Why Are Good Salespeople So Hard To Find?

Why is finding a good sales person like trying to find a needle in a haystack? Unfortunately there is no in-depth research project or data that tells us why these types of people are so hard to come by. What is it about those salespeople that make them so elusive?

Think of the qualities that make up the best salesperson in your store. Is it their personality, skill level, age, experience, etc? Most likely it is a combination of everything. Why is it so hard to find someone that matches all of the qualities you want?

First, it probably has something to do with company culture. Every company has a different atmosphere and certain people thrive in certain atmospheres. It’s not to say that one culture is better than another but everyone has a type of place where they can succeed.

From a job recruiter standpoint, a candidate is like a customer and sometimes selling a candidate a job is hard. The best people you want for your business are the candidates who already have jobs. It becomes a game where you want to mesh the right people and jobs together, which can take a bit of convincing. We all can’t have the red carpet treatment. Good recruiting companies are always looking to improve. They seek feedback after each candidate they send in and are willing to make changes to target and fit the right person into your store. The owner is also like a customer. We have to sell the candidates to your business and explain why we believe that they would be a great fit. We aren’t trying to put some random person into your store; we have to take everything into consideration from experience, pay, company culture, personality and whether it’s a good long-term fit.  And that’s just one of the issues. A majority of owners hold an unrealistic expectation that the sales people hired into their business will stay forever, whereas, on average a good sales person will stay at one place about five to seven years; and that’s even decreasing. Job loyalty is not what it used to be. People are highly driven and motivated to push themselves as high up the chain as they can go but realistically, most promotions are not within their current company, which requires them to move around.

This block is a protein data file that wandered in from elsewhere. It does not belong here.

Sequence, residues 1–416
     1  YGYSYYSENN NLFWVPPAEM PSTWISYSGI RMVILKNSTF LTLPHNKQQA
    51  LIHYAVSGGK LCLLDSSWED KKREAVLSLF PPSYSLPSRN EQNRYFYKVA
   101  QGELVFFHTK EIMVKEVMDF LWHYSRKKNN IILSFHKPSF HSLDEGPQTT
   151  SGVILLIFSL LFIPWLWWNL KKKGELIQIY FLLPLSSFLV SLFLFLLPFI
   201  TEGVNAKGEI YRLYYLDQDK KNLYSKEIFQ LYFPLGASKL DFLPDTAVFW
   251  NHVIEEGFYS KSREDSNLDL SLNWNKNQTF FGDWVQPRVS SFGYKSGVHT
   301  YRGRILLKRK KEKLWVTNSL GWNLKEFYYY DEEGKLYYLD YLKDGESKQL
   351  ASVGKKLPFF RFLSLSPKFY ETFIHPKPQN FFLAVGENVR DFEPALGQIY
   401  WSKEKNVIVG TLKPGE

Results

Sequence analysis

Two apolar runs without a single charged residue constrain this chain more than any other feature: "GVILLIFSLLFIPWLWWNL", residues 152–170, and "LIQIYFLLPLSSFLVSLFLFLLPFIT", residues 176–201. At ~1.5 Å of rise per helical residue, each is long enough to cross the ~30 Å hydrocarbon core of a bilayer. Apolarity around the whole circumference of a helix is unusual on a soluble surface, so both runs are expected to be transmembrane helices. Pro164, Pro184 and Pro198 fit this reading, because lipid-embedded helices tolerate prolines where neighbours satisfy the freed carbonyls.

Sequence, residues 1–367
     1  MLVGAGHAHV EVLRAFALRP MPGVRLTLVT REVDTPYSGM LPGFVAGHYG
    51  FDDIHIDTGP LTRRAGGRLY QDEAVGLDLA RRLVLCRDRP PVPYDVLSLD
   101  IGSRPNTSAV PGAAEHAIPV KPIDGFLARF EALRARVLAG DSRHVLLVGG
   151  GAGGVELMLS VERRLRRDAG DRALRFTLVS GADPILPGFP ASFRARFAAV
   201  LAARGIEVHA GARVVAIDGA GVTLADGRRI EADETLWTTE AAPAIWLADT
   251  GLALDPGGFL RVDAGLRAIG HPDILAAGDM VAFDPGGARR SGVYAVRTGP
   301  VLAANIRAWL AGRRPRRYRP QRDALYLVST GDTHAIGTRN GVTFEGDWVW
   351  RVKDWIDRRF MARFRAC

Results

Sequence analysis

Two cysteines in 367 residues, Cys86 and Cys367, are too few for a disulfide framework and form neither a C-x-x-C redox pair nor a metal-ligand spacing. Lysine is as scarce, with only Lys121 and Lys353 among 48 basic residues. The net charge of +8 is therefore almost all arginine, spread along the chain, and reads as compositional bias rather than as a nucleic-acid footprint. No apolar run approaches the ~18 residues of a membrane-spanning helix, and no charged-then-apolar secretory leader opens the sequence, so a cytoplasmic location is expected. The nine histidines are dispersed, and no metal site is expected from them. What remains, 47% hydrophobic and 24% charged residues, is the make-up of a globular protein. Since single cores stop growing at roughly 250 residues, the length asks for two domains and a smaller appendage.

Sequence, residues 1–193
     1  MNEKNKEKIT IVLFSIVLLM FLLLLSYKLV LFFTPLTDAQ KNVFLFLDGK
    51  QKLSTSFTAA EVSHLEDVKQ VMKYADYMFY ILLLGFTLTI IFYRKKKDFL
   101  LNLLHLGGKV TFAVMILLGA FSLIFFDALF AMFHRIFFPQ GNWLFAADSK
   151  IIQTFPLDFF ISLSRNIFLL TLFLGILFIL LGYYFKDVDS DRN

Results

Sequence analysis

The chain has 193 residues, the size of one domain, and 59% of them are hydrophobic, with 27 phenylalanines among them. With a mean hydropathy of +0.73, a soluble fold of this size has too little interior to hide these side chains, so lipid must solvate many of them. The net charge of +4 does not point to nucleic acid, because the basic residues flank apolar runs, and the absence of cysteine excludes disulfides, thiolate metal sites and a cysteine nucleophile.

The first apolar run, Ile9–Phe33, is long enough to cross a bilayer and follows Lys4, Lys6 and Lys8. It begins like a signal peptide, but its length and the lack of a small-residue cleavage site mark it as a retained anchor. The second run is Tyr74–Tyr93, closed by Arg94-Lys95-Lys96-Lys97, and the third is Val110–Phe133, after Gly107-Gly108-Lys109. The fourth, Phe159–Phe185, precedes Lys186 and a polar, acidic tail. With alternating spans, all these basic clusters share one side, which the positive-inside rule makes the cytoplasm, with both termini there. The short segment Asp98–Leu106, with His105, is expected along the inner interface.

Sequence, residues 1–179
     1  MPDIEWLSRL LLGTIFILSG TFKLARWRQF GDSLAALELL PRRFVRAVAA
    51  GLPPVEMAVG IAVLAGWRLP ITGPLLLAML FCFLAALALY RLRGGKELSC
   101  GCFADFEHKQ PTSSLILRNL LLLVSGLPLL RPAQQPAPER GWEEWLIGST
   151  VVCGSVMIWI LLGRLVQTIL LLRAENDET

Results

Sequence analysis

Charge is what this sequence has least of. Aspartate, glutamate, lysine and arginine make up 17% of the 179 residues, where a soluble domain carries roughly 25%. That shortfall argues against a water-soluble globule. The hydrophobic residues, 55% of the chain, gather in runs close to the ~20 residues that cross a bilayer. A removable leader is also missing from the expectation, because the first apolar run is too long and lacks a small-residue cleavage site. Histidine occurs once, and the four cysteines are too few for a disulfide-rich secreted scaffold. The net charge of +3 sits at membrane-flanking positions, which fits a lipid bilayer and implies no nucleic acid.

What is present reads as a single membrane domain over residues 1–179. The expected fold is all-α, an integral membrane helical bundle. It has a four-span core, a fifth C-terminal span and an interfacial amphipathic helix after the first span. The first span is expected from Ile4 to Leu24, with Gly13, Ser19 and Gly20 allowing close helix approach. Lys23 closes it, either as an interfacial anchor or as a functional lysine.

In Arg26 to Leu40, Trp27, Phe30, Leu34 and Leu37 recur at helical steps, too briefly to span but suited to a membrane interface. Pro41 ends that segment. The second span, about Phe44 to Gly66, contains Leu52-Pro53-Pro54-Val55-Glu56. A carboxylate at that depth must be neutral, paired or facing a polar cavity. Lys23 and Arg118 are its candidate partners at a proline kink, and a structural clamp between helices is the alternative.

Another issue that comes with sales people is the popular salary versus commission debate. Why does no one want a job solely based off commission? Good sales people know that they make the most money when they are commission based. Well unfortunately, it has become a product of the times post recession and Generation Y. People are wary about taking that kind of risk.  When you have a definite salary coming in, it is easier to convince the person towards the job. It is becoming more of an outlier for sales experts to choose commission only.

Need an example? The other day my friend was applying for jobs and he clicked on a sales position. After realizing it was commission only, he immediately hit the back button. When I questioned him, he said commission only is hard and he would be constantly worried. Now, he is a hard worker but that fear of depending on only commission to pay for bills is scary. A majority of people are leaning towards that comfort of needing that money safety net.

We may not be entirely sure why good sales people are so elusive but if we step back and understand issues that surround around hiring them. We may be able to combat each one of them to find the perfect employee for your store.